Navigation Links
Study says lead may be the culprit in ADHD
Date:1/28/2010

ADHD, or attention-deficit/hyperactivity disorder, is among the costliest of behavioral disorders. Its combination of inattention, impulsivity and hyperactivity leads to accidental injuries, school failure, substance abuse, antisocial behavior and more. Yet despite nearly a century of study, the disorder's roots remain mysterious.

Much of modern ADHD research has focused on heritability of the condition, and indeed evidence suggests that genes may account for as much as 70 percent of hyperactivity and inattention in children. But that leaves 30 percent unexplained, so recently the focus has shifted to the environment. What is it that triggers an underlying susceptibility and changes it into a full-blown disorder? New research suggests that the culprit may be an old villainleadand what's more it explains the causal pathway from exposure to disability.

Lead is a neurotoxin. This has been known for a long time, and in fact government regulation drastically reduced environmental lead a generation ago. But regulating automobile fuel and paint didn't entirely eliminate lead from the environment. It's found in trace amounts in everything from children's costume jewelry to imported candies to soil and drinking water. Every American today is exposed to low levels of the metal, and indeed nearly all children have measureable levels of lead in their bodies. According to psychological scientist Joel Nigg of the Oregon Health & Science University, this universal low-level exposure makes lead an ideal candidate for the disorder's trigger.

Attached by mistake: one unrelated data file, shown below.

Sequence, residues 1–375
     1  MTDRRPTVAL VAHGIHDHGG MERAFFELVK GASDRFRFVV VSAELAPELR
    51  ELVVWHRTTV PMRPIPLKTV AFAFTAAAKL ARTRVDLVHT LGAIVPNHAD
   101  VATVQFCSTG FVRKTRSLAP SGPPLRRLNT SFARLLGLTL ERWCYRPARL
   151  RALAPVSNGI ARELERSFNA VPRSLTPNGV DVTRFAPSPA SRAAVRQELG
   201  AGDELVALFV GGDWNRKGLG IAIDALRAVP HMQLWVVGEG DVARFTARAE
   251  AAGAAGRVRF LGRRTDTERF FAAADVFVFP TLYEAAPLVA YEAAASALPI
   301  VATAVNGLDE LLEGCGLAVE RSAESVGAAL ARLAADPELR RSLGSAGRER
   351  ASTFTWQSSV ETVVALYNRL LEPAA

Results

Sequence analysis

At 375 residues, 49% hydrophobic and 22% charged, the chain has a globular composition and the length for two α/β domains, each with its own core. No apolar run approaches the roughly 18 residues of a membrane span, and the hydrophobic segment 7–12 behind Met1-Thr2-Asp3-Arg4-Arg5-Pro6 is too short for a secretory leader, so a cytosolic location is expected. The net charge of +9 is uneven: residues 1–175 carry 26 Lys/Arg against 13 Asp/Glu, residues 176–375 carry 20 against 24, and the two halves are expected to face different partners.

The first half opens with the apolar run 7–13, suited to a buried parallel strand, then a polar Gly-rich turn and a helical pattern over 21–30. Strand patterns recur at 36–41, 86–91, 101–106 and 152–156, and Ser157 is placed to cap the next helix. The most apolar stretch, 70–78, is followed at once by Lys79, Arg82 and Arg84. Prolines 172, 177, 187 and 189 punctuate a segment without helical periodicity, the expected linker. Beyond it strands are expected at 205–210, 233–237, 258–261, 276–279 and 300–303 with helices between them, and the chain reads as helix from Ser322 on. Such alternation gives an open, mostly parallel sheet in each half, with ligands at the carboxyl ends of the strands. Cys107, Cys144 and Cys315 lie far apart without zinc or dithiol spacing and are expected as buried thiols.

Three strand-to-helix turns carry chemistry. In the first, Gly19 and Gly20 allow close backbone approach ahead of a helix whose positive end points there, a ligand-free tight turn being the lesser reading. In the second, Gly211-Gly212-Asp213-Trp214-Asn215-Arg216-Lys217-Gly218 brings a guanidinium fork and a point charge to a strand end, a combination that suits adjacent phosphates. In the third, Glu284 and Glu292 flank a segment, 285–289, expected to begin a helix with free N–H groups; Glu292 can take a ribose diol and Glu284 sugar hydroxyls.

This was just a theory until quite recently, but two recent studies now provide strong evidence. The first study compared children formally diagnosed with ADHD to controls, and found that the children with the disorder had slightly higher levels of lead in their blood. This study showed a link only between blood lead and hyperactivity/impulsivity symptoms, not inattention. But a second study showed a robust link between blood lead and both parent and teacher ratings of ADHD symptoms, including both hyperactivity and attention problems. In both studies, the connection was independent of IQ, family income, race, or maternal smoking during pregnancy.

Nigg offers a causal model for the disabling symptoms associated with ADHD: Lead attaches to sites in the brain's striatum and frontal cortex, where it acts on the genes in these regionscausing them to turn on or remain inactive. Gene activity shapes the development and activity of these brain regions. By disrupting brain activity, the toxin in turn alters psychological processes supported by these neurons, notably cognitive control. Finally, diminished cognitive control contributes to hyperactivity and lack of vigilance. Nigg describes his new data and his explanatory model in the February issue of the journal Current Directions in Psychological Science.


'/>"/>

Contact: Catherine Allen-West
cwest@psychologicalscience.org
202-293-9300
Association for Psychological Science
Source:Eurekalert